In addition to the dark folk's history of worship detailed above, some of the race worship Norgorber or Sivanah. Those whose homes lie below the surface-world nation of Nidal might follow that nation's official deity, Zon-Kuthon. Worship of Nocticula, Pharasma, and even Desna is not unheard of among those less malign caligni.
Dark folk live primarily in the caverns of Nar-Voth, including the city of Sverspume, famed for its slave market, and the duergar metropolis of Hagegraf. Although rarer in the deeper caverns of Sekamina, a small section of the svirfneblin city of Dwimovel is inhabited by dark folk, while others dwell in the drow city of Zirnakaynin. Even in the Vaults of Orv, the dark folk are not unknown, as they inhabit the Land of Black Blood. Nearer to the surface, a sizeable population exists in the Shadow Caverns beneath Nidal's Uskwood, in the abandoned dwarven Zolurket Mines in Katapesh's Barrier Wall mountains, and below the island of Antler Rock in the Lands of the Linnorm Kings.
In Tian Xia
Caligni and dark folk were distinct but related creatures in Pathfinder First Edition. In Pathfinder Second Edition, "dark folk" is instead a synonymous moniker for calignis that calignis find distasteful.
For additional resources, see the Meta page.
- Liane Merciel, Lyz Liddell, Ron Lundeen, and Mark Moreland. (2018). Nidal, Land of Shadows, p. 29. Paizo Inc. ISBN 978-1-64078-033-0
- This infobox concerns the variant of dark folk, called "caligni", introduced in First Edition Bestiary 5.
- The term was used in both singular and plural references prior to Pathfinder Bestiary and Pathfinder Lost Omens updates to the campaign setting. Newer sources use "caligni" for the singular form and "calignis" for the plural form.
- Logan Bonner, Jason Bulmahn, Stephen Radney-MacFarland, Mark Seifter, et al. (2019). Bestiary (Second Edition), p. 50–51. Paizo Inc. ISBN 978-1-64078-170-2
- Benjamin Bruck, et al. (2015). Inner Sea Races, p. 162. Paizo Inc. ISBN 978-1-60125-722-2
- James Jacobs and Greg A. Vaughan. (2008). Into the Darklands, p. 23–24. Paizo Publishing, LLC. ISBN 978-1-60125-140-4
- James Jacobs, F. Wesley Schneider, Neil Spicer, and Greg A. Vaughan. (2018). Cradle of Night, p. 3. Paizo Inc. ISBN 978-1-60125-991-2
- James Jacobs and Greg A. Vaughan. (2008). Into the Darklands, p. 19. Paizo Publishing, LLC. ISBN 978-1-60125-140-4
- Pathfinder Bestiary p. 51 does not include the owbs in the story of their transformation, and states that the Forsaken "warped the refugees into tough survivors"; this neither specifies dark folk being a separate race, nor any relationship with the owb.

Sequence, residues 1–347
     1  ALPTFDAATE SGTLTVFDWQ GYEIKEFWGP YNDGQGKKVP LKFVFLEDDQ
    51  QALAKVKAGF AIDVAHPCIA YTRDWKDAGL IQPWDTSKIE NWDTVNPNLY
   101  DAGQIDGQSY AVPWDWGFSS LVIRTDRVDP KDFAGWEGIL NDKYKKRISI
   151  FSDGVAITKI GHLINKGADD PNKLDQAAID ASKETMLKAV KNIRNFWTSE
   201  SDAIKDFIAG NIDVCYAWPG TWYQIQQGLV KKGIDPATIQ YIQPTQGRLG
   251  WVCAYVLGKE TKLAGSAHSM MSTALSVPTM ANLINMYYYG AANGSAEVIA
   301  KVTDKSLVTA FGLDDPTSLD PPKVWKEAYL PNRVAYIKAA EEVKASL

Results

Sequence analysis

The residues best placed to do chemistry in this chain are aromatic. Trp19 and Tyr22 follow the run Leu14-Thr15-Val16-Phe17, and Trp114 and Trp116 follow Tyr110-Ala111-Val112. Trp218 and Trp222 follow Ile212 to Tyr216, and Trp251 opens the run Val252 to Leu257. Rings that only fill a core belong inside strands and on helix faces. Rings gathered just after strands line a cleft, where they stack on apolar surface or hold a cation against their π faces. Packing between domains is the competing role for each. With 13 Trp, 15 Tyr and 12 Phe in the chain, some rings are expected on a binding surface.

- Logan Bonner, Jason Bulmahn, Stephen Radney-MacFarland, Mark Seifter, et al. (2019). Bestiary (Second Edition), p. 50–51. Paizo Inc. ISBN 978-1-64078-170-2. In this source, these forms are referred to as caligni variants instead of dark folk.
- Liane Merciel, Lyz Liddell, Ron Lundeen, and Mark Moreland. (2018). Nidal, Land of Shadows, p. 8. Paizo Inc. ISBN 978-1-64078-033-0
- Liane Merciel, Lyz Liddell, Ron Lundeen, and Mark Moreland. (2018). Nidal, Land of Shadows, p. 29–30. Paizo Inc. ISBN 978-1-64078-033-0
- Pathfinder Bestiary p. 50 no longer makes this distinction, and instead refers to the term "dark folk" as a disliked surface-dweller moniker for their people at large, and describes dark folk subraces as forms influenced by caligni traditions and influences.
- Liane Merciel, Lyz Liddell, Ron Lundeen, and Mark Moreland. (2018). Nidal, Land of Shadows, p. 50–51. Paizo Inc. ISBN 978-1-64078-033-0
- James Jacobs and Greg A. Vaughan. (2008). Into the Darklands, p. 24. Paizo Publishing, LLC. ISBN 978-1-60125-140-4
- Logan Bonner, et al. (2021). Bestiary 3 (Second Edition), p. 41. Paizo Inc. ISBN 978-1-64078-312-6
- James Jacobs and Greg A. Vaughan. (2008). Into the Darklands, p. 42. Paizo Publishing, LLC. ISBN 978-1-60125-140-4
- James Jacobs and Greg A. Vaughan. (2008). Into the Darklands, p. 28. Paizo Publishing, LLC. ISBN 978-1-60125-140-4
- James Jacobs and Greg A. Vaughan. (2008). Into the Darklands, p. 39. Paizo Publishing, LLC. ISBN 978-1-60125-140-4
- F. Wesley Schneider. (2008). Zirnakaynin. Endless Night, p. 49. Paizo Publishing, LLC. ISBN 978-1-60125-129-9
- Wolfgang Baur. (2009). The Land of Black Blood. Descent into Midnight, p. 53. Paizo Publishing, LLC. ISBN 978-1-60125-131-2
- James Jacobs and Greg A. Vaughan. (2008). Into the Darklands, p. 8. Paizo Publishing, LLC. ISBN 978-1-60125-140-4
- Brandon Hodge. (2011). Zolurket Mines. Dungeons of Golarion, p. 57. Paizo Publishing, LLC. ISBN 978-1-60125-304-0
- Matthew Goodall, Jonathan Keith, Colin McComb, and Rob McCreary. (2011). Lands of the Linnorm Kings, p. 23. Paizo Publishing, LLC. ISBN 978-1-60125-365-1
- James Jacobs, Dave Gross, Rob McCreary. (2011). Dragon Empires Gazetteer, p. 24. Paizo Publishing, LLC. ISBN 978-1-60125-379-8